Last year, Forbes ran a story that predicts the workforce will be 50 percent entrepreneurial in the next 10 years.
The story was in reaction to an Upwork and Freelancers Union survey that shows nearly half of millennial workers are already freelancing.
It also said the majority of workers will freelance by 2027, which set off a string of articles and discussions around the web about what it takes to be an entrepreneur.
That doesn’t necessarily mean everyone who freelances will become an entrepreneur, but we are very quickly moving to a world where people begin to take charge of their own destinies.
And, while you don’t necessarily work for yourself as an entrepreneur (you have employees and clients and vendors and partners to answer to), the idea that you call the shots and design your own flexibility is highly attractive.
A friend and I were just talking yesterday about how unemployable we both are.
I could lose both of my businesses and be bankrupt and I still wouldn’t go back to work for someone. Put on clothes and commute every day? No, thanks.
I’d take the risk to build something else. Fast.
Which is the base definition of an entrepreneur.
The dictionary describes an entrepreneur as:
A person who starts a business and is willing to risk loss in order to make money or one who organizes, manages, and assumes the risks of a business or enterprise.
Note both definitions have the words “business” and “risk”.
When you take on building a business and are willing to risk a few things to get there, you’ve become an entrepreneur.
But business and risk aren’t the only things that make one an entrepreneur.
According to Investopedia, you must also have the following skills:
- Passion and motivation
- Not afraid to take risks (there it is again!)
- Self-belief, hard work, and disciplined dedication
- Adaptable and flexible
- Product and marketing knowledge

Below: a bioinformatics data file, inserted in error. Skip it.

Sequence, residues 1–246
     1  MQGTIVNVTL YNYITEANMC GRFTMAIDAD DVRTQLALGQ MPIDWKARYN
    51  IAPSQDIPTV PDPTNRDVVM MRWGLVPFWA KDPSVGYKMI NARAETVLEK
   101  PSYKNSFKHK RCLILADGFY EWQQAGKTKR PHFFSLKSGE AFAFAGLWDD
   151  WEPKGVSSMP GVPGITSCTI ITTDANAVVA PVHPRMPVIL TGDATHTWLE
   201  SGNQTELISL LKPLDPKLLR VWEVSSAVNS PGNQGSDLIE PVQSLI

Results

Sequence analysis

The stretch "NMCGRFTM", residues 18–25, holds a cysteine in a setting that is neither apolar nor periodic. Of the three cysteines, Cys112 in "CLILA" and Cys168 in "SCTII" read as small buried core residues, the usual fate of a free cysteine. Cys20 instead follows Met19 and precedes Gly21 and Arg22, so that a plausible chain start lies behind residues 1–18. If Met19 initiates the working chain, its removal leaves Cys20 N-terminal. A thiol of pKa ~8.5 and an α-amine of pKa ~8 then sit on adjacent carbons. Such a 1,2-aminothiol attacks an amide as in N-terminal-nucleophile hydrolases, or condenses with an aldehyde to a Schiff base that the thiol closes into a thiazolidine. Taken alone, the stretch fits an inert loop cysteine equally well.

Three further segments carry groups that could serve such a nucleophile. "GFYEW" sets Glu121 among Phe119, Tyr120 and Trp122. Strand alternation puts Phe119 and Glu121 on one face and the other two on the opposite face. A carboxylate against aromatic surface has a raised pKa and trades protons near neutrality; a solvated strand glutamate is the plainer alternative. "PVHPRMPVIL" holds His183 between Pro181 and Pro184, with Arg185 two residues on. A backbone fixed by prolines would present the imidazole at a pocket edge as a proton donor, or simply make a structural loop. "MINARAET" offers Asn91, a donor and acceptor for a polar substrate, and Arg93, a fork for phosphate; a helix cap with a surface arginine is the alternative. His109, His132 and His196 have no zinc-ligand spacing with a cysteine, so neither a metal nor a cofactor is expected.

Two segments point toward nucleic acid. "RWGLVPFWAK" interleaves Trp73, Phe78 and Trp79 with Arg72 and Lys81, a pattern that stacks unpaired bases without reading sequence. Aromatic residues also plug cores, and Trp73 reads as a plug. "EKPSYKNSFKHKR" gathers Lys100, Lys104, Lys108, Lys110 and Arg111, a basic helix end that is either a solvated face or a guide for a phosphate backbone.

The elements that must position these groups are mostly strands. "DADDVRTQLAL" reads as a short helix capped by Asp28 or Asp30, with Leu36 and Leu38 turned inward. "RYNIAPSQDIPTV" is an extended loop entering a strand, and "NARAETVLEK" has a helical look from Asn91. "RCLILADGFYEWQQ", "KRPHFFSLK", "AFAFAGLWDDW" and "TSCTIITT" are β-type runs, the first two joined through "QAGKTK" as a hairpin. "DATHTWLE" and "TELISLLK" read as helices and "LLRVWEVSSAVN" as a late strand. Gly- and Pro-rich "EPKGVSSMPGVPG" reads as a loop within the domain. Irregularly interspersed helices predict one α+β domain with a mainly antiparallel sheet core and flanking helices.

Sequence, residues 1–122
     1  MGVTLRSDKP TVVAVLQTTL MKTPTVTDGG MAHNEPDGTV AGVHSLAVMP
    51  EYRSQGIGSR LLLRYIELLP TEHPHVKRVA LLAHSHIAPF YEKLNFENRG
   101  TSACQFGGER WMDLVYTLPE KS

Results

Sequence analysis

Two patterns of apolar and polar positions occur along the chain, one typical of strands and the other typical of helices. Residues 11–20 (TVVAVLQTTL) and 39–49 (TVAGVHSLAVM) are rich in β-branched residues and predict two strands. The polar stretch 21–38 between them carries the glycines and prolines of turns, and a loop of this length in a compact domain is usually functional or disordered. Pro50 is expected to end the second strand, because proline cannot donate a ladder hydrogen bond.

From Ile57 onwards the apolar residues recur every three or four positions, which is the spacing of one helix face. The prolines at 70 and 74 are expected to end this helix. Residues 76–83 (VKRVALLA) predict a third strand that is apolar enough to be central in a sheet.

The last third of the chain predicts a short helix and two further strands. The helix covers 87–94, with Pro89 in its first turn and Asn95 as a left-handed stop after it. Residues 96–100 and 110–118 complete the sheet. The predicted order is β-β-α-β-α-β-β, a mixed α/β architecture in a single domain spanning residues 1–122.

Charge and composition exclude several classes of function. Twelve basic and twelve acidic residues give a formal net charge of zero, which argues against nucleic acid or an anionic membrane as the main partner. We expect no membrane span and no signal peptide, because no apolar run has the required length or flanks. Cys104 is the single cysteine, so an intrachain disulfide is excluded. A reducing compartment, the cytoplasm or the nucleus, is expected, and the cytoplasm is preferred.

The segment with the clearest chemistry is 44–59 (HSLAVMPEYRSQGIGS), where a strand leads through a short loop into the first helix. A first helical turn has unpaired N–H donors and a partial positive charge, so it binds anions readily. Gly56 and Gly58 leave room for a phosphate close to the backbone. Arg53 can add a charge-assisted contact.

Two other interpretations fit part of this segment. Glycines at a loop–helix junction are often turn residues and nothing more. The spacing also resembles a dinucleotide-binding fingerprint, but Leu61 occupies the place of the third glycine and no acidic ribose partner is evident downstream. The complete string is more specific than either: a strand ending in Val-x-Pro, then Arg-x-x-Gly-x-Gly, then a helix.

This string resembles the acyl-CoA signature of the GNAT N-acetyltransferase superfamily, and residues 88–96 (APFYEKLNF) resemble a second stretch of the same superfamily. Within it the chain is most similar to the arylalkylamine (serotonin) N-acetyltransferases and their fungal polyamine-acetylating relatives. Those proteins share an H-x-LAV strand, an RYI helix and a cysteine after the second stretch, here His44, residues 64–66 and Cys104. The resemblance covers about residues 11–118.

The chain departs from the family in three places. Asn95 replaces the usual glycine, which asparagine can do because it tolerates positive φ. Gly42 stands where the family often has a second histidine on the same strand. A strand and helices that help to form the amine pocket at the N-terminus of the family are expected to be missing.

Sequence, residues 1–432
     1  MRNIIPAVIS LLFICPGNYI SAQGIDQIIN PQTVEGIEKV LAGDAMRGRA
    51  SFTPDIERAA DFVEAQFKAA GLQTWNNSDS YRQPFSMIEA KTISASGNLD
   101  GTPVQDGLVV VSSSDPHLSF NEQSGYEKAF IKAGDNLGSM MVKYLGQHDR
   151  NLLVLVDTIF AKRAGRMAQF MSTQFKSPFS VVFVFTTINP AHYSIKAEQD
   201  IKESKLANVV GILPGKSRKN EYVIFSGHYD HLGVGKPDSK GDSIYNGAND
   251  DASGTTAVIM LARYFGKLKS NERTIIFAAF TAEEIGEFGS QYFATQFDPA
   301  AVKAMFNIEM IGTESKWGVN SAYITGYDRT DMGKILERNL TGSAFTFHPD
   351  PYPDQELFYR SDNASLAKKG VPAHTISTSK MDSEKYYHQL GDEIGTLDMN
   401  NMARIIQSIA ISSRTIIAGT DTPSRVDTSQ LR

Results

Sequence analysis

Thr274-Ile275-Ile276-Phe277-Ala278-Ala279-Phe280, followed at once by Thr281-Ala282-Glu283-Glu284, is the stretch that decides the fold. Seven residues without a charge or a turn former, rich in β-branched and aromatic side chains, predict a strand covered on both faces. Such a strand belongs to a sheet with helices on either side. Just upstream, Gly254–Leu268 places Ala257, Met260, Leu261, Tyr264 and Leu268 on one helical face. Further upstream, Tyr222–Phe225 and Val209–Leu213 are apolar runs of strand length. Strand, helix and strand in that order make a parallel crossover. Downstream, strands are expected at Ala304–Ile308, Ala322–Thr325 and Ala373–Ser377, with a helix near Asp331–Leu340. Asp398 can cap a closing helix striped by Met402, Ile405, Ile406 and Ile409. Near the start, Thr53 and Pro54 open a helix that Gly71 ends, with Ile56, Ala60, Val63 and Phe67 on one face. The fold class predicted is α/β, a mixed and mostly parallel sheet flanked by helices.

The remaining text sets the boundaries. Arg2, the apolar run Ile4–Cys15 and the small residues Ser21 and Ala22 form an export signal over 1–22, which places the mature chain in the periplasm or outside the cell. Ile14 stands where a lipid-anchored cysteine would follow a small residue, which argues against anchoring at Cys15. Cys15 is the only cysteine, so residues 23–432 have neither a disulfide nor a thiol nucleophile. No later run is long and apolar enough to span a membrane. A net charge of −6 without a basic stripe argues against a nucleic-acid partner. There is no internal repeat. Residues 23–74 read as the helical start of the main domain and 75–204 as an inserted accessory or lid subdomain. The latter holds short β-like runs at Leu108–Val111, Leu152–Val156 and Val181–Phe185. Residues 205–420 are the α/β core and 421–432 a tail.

- Strong money management
- Effective planning skills
- The right connections
- Exit preparedness
- Ability to question themselves
As it turns out, money management is one of those skills you learn really (I mean, really) fast.
You either learn it or you don’t have a business to be able to call yourself an entrepreneur.
Do You Have the Skills to be an Entrepreneur?
But the interesting thing about the rest of these skills is that they are not inherent.
They are things that can be learned, developed, and honed throughout your career.
If you are going to join the majority of workers who will freelance in the next 10 years, consider if you want to do that on the side or if you want to be an entrepreneur.
The following questions will help guide you:
- Persuasion. Can you convince people to join your mission? Do you deliver powerful presentations? Can you get people to say yes to implement, what may seem like, crazy ideas?
- Leadership. Do people take risks to support your vision? Are you competitive? Have you been criticized for being too competitive?
- Personal accountability. This is a big one. I hear my peers say quite often, “I can’t grow because no one is there to hold me accountable.” You have to do this one on your own. Are you recognized for achieving results when others could not? Are you criticized for holding people accountable? We have a client who calls me the accountability task master. Be an accountability task master for yourself. Or let me do it! I’ll do it!
- Goal orientation. Do you set SMARTER goals? Are you known for overcoming obstacles? Are you most productive when working with others to achieve goals?
- Interpersonal skills. Do you get along well with people? Do you consider other people key to your greatest accomplishments? Can you calm people who are emotionally upset?
If you answered “no” to any of these, don’t fret! It doesn’t mean you can’t be an entrepreneur or that you won’t be successful as one.
It simply means you have some skill development and learning to do.
Work on Your Entrepreneurial Skills Now
One of my biggest challenges has always been optimism.
Not that I’m not generally optimistic, but I’m also incredibly cynical.
So, when I looked at the interpersonal skills questions, I gave myself a C-.
I knew I had to work on not being so cynical, and on calming people who are emotionally upset.
At the same time, I hired Laura Petrolino, which ended up being one of the smartest decisions I’ve ever made.
I didn’t realize she would help me with my interpersonal skills, but she’s been invaluable from that perspective.
Not only does she look at everything (and I mean EVERYTHING) with rainbows and unicorns in her eyes, she has a very diplomatic way of handling conflict.
(She once sent me a mug she’d made for me with a rainbow and a gun on it—or rainbow killer, as I’m known around the office.)
In the past five years, she has taught me more about interpersonal skills than I could have ever learned on my own.
If you are going to join the freelance workforce and aren’t afraid of building a business and taking some risk, start on your entrepreneurial skills now.
Get the help you need. Continue your education. Find mentors and advisors who have expertise where you need skill development. And hire people who will make you a better entrepreneur.